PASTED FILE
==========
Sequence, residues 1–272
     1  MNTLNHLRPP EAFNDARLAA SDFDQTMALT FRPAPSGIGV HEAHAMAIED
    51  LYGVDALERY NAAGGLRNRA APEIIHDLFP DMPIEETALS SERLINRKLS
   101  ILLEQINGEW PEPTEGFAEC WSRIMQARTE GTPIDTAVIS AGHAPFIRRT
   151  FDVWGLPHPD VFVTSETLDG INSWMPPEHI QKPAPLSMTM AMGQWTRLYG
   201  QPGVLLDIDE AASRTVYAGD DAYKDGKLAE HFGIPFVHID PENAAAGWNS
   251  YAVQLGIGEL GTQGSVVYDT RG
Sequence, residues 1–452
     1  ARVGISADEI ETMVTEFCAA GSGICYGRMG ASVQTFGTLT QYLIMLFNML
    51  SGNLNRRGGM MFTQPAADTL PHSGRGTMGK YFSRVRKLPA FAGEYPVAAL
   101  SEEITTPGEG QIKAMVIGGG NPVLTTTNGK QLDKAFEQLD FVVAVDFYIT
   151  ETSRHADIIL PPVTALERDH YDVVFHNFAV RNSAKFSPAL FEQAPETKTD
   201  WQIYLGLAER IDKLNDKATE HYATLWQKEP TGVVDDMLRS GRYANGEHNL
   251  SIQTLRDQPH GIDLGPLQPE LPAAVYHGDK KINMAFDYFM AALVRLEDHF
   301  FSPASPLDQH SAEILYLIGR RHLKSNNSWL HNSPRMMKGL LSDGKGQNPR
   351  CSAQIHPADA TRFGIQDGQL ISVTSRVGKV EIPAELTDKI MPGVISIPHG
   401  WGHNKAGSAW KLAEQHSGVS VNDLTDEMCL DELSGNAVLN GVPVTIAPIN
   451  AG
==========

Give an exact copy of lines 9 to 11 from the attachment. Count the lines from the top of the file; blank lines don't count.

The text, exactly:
     1  ARVGISADEI ETMVTEFCAA GSGICYGRMG ASVQTFGTLT QYLIMLFNML
    51  SGNLNRRGGM MFTQPAADTL PHSGRGTMGK YFSRVRKLPA FAGEYPVAAL
   101  SEEITTPGEG QIKAMVIGGG NPVLTTTNGK QLDKAFEQLD FVVAVDFYIT